Re: The PING Test

```Original poster: "Paul Nicholson by way of Terry Fritz <twftesla-at-qwest-dot-net>" <paul-at-abelian.demon.co.uk>

John Couture wrote:
> It does make sense and I showed in my post how any coiler
> can make the test and do the calcs.

John's ringdown test if fine, as an indicator of Q.  Many of us
use it.  By giving you the secondary Q, you thereby have the
energy storage efficiency of the secondary.  But it says nothing
about the system efficiency or output voltage, except in base-
driven CW mode, in which case Vtop/Vbase = Q applies (approximately).

In any system CW or impulsed, any definition of efficiency boils
down to asking what fraction of that initial energy ends up in
the useful load (whatever you define that to be).

Therefore, in order to determine the fraction of energy leakage
which is defined as 'useful', you must take *two* Q measurements
(by ringdown, bandwidth, whatever you like) and compare them in
the usual way, ie

Any formula claiming to show any sort of transfer efficiency
based on just a single Q value is a nonsense.  By definition, it
behaviour of the system, regardless of what is considered to be

The lamp tests that John has described in the past will at best
give the efficiency of coupling to the lamp.  As such, it might
be a useful setup aid, but no better in principle than simply
monitoring the secondary base current.

As regards John's question:
> Should the  secondary turns be increased or decreased to
> increase the secondary voltage and the spark length with
> the same H/D coil?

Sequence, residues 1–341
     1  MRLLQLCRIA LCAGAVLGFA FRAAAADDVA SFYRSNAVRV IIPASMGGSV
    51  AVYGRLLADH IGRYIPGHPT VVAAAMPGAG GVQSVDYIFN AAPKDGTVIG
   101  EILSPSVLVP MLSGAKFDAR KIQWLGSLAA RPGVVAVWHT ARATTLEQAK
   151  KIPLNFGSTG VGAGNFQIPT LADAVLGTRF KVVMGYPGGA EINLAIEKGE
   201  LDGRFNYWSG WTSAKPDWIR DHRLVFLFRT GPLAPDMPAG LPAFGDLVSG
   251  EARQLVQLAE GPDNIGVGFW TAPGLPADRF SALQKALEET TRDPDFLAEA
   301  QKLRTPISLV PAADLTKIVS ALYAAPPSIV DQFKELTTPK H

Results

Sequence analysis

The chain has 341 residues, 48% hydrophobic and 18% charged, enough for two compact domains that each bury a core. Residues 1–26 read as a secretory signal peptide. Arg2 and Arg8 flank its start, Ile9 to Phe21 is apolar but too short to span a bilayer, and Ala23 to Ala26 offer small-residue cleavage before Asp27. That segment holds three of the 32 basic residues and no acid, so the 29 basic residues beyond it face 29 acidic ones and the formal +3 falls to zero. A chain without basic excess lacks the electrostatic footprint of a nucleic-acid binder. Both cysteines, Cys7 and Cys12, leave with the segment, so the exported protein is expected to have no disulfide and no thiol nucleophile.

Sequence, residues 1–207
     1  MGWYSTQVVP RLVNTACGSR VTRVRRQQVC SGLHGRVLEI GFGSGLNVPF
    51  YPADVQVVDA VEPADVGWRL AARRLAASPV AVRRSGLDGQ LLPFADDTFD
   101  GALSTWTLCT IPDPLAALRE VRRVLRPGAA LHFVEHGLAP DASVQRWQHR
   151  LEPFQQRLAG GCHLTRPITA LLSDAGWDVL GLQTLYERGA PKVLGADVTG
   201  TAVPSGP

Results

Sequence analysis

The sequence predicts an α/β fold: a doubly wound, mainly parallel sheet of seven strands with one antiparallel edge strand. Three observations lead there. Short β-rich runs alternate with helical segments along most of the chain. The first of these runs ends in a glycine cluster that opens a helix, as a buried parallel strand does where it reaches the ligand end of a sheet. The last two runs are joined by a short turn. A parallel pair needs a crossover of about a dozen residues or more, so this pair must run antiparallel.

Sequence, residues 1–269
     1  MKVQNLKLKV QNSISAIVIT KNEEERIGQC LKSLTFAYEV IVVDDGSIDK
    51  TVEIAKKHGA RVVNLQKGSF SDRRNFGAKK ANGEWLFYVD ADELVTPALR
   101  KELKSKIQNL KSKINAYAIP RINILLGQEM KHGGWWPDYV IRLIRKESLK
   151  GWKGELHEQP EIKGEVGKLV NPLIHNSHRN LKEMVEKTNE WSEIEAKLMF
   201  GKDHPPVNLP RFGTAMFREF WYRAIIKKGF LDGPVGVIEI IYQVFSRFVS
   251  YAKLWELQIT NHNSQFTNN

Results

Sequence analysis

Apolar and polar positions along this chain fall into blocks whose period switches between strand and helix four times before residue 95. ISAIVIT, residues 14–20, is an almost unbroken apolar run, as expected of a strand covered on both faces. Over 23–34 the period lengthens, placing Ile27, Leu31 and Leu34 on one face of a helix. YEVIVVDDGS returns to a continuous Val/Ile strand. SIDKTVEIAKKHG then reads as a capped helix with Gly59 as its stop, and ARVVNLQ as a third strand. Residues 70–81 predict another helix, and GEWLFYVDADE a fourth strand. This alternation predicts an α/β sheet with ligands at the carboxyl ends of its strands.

The glib answer is that it depends whether you've got too
many or too few turns to begin with.  The question needs to
be rephrased to make sense.  It should say: is there an optimum
number of turns for a secondary, given some constraints such
as a particular power supply, BPS, firing voltage etc, and
allowing Fres, Cpri, Lpri, k, turns, wiresize, all to be free
variables?  And if so, how do we calculate it?

We have all the pieces with which to answer that question, bar
two.  The least important of the two missing links is to
be able to calculate the Q factor of the primary and secondary
coils.   Much more serious is that we don't understand how the
coupling determine how well a particular impedance of secondary
will drive streamers from a given top terminal.  If we could
determine this, even just empirically, it would complete the
theoretical package necessary to answer the simple question:
"How many turns shall I put on the secondary?"

So John is asking a question that we can't answer at the moment.
--
Paul Nicholson
--

```